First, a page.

2. Historic roots and vested interests also hamper progress. The ongoing stand-off between broadcasters and online video is a case in point.
BARB’s constituent broadcasters have long held themselves to much stricter account and should be praised for it.
By contrast, the current ‘standard’ that the new players want to import from the US is so pathetically flimsy (50% of video pixels in view for two seconds, one for static) that it doesn’t merit any serious consideration whatsoever.
But it also suits the incumbents to prolong this détente because, meanwhile, the newcomers can sell as hard as they like, but can’t pitch or trade on the credible platform of industry-agreed data.
3. For success, advertisers not only need to get right behind this call but stay with it too.
Simply and most practically, they must consistently demand that each and every media buy is underpinned by credible data that has been thrashed out between all industry parties with differing vested interests.
4. JICWEBS offers a positive glimpse of the future. As the industry’ digital standards body, it will be central to all things measurement and hygiene. And I helped make sure that publishers, channels, agencies and advertisers are all equally represented.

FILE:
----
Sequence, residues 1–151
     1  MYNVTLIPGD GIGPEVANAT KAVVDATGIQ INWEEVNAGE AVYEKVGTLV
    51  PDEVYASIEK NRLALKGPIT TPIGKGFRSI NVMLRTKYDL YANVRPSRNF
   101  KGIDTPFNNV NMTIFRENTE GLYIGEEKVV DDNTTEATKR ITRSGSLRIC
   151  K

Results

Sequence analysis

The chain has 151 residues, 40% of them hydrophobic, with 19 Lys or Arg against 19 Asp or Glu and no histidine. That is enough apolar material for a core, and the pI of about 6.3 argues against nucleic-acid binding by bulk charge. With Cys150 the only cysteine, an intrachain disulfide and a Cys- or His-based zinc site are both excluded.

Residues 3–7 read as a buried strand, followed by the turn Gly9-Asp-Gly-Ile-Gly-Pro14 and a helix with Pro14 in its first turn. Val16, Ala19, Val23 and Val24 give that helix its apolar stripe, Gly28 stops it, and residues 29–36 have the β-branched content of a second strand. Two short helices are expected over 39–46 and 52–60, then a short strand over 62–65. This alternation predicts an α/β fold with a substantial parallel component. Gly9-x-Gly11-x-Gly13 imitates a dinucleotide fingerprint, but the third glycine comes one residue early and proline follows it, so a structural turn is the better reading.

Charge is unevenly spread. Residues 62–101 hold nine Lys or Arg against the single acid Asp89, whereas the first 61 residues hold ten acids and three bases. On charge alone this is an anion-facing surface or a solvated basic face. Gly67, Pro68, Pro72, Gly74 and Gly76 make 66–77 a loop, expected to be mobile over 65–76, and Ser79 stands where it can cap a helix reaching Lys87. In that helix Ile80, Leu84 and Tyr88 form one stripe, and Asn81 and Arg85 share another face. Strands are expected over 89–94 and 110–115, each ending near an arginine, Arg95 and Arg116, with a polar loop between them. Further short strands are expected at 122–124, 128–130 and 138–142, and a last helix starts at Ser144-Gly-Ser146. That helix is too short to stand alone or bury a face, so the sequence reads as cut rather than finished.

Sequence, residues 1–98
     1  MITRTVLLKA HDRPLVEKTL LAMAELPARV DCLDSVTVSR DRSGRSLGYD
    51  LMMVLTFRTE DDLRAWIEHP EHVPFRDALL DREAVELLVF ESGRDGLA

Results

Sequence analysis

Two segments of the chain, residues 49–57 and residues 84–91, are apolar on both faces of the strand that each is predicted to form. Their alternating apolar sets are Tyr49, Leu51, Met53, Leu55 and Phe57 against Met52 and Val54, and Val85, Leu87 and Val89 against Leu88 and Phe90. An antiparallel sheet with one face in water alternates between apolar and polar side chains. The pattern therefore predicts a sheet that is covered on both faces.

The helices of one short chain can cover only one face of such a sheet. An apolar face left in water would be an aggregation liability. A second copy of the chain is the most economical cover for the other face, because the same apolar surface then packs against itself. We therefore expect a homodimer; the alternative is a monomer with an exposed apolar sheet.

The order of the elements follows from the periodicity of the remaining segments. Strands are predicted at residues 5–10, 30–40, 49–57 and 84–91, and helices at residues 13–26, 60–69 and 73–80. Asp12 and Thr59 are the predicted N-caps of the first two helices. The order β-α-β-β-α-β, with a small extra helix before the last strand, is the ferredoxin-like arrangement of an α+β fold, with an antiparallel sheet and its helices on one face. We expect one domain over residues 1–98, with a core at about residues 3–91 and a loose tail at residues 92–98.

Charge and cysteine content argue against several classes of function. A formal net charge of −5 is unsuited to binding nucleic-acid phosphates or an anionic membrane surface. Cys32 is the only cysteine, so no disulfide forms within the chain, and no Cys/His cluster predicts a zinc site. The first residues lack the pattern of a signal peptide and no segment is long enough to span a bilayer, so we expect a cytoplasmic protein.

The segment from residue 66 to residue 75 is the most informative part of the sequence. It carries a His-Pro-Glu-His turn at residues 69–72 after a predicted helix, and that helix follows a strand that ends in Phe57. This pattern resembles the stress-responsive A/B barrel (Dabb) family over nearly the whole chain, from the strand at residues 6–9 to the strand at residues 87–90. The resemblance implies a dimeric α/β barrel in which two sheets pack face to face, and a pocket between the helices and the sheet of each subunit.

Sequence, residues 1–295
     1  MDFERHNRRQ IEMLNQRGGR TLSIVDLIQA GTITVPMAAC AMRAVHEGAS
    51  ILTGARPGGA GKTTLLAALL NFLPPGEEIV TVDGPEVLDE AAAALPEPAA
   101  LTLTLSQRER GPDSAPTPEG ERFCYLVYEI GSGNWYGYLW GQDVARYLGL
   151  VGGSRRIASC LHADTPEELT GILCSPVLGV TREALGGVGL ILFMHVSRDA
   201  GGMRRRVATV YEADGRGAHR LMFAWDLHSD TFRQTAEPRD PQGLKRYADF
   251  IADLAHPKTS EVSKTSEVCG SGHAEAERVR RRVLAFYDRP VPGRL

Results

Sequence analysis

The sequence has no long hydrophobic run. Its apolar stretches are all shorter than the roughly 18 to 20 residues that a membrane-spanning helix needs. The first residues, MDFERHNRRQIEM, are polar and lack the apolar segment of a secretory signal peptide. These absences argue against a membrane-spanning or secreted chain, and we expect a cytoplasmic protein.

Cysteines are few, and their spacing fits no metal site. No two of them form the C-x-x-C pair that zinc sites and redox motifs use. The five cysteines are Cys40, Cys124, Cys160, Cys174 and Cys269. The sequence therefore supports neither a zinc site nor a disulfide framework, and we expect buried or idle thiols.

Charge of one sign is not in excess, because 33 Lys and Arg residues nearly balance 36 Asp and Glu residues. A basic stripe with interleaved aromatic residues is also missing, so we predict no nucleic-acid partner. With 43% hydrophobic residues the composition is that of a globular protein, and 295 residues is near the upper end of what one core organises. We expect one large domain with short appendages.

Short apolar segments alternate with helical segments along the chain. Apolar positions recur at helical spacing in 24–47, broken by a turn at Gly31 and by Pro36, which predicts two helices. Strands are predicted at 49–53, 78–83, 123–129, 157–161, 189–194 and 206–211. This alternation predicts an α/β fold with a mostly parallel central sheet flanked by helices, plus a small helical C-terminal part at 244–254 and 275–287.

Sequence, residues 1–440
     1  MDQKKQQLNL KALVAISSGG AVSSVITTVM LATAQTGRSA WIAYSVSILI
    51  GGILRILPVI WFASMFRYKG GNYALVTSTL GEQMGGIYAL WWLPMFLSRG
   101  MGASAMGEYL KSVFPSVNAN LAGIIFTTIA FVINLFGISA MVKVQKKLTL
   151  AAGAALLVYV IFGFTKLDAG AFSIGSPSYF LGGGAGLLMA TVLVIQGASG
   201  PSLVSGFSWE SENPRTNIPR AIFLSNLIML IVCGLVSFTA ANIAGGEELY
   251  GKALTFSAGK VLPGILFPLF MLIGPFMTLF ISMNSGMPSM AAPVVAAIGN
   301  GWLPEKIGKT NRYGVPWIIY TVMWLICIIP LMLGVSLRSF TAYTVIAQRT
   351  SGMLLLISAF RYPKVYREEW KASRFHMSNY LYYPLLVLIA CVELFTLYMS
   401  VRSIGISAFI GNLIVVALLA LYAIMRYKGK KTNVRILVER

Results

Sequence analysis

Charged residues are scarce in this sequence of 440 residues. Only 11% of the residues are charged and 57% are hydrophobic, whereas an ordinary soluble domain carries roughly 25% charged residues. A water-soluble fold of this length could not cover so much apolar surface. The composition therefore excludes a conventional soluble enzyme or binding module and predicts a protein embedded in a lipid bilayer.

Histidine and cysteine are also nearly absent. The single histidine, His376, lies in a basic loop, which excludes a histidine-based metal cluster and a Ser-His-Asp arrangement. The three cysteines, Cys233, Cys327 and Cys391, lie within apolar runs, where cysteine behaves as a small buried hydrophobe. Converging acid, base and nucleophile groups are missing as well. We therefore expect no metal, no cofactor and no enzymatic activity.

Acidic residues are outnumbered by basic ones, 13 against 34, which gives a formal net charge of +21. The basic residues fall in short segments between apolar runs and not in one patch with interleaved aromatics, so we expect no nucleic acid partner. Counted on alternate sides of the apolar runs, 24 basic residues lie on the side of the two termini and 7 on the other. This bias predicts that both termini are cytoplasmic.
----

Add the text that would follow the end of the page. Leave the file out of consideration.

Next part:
5. My one regret about the launch of the IPA/ISBA initiative is that the audience comprised those already in the know, whereas Sarah Golding’s presence had suggested it might be launched to a much wider audience. But maybe that’s phase two?
Network – and non-network – news
I can’t say I was surprised by the MEC and Maxus merger announced hurriedly this month. I’ve long held the view that four ‘classic’ media agency networks were overkill for WPP.
More interesting was the importance suddenly given to Essence, an exciting new template but as yet far from a global business. High hopes there for a flag-waver for a welcome new set of behaviours, though.
Yet again the ‘little Brits’ have done well, taking a disproportionate number of key roles in the new structure. Congratulations Jason Dormieux, Nick Baughan, Steve Williams and Jenny Bullis.
Regular readers will know I’m a fan of media innovators Goodstuff, so I was also interested to see they’ve joined Paul Hammersley’s new agency collective proposition, Harbour, alongside another newly-independent, Talon.
A hard thing to hold together, perhaps, but also one that promises a lot of top talent.
The things I do…
Fresh from hosting FEPE’s Global Congress for almost 400 delegates in Stockholm in my role as its new executive director, last week it was procurement’s turn to suffer my chairmanship on day two of snappily-named Procurecon 2017.
Many of the usual key themes were aired with transparency getting more mentions than anything – except maybe contracts.
But one presentation stood out as ebquity’s senior digital native Tim Hussain turned on his past and spoke of eight years’ of data showing online coming at the bottom of the ROI table.
Wow. Surely much more to be said about that, and hopefully soon?! The sea change continues…
Bob Wootton is the principal of Deconstruction